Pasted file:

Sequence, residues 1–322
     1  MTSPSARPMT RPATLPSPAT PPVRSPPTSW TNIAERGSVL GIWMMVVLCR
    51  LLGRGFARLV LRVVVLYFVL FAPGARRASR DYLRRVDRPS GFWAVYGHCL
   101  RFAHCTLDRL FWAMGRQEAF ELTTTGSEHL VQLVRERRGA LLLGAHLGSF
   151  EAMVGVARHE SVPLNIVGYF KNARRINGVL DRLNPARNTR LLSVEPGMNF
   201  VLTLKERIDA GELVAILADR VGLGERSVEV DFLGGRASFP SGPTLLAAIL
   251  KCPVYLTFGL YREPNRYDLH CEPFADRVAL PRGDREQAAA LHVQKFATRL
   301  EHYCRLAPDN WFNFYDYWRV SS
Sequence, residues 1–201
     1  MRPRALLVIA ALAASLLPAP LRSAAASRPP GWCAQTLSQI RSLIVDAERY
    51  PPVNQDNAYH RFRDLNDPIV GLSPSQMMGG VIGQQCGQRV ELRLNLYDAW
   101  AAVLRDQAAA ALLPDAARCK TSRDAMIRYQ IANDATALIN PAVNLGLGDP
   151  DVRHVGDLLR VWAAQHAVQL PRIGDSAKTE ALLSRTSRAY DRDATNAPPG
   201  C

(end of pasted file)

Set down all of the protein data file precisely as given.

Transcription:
Sequence, residues 1–322
     1  MTSPSARPMT RPATLPSPAT PPVRSPPTSW TNIAERGSVL GIWMMVVLCR
    51  LLGRGFARLV LRVVVLYFVL FAPGARRASR DYLRRVDRPS GFWAVYGHCL
   101  RFAHCTLDRL FWAMGRQEAF ELTTTGSEHL VQLVRERRGA LLLGAHLGSF
   151  EAMVGVARHE SVPLNIVGYF KNARRINGVL DRLNPARNTR LLSVEPGMNF
   201  VLTLKERIDA GELVAILADR VGLGERSVEV DFLGGRASFP SGPTLLAAIL
   251  KCPVYLTFGL YREPNRYDLH CEPFADRVAL PRGDREQAAA LHVQKFATRL
   301  EHYCRLAPDN WFNFYDYWRV SS
Sequence, residues 1–201
     1  MRPRALLVIA ALAASLLPAP LRSAAASRPP GWCAQTLSQI RSLIVDAERY
    51  PPVNQDNAYH RFRDLNDPIV GLSPSQMMGG VIGQQCGQRV ELRLNLYDAW
   101  AAVLRDQAAA ALLPDAARCK TSRDAMIRYQ IANDATALIN PAVNLGLGDP
   151  DVRHVGDLLR VWAAQHAVQL PRIGDSAKTE ALLSRTSRAY DRDATNAPPG
   201  C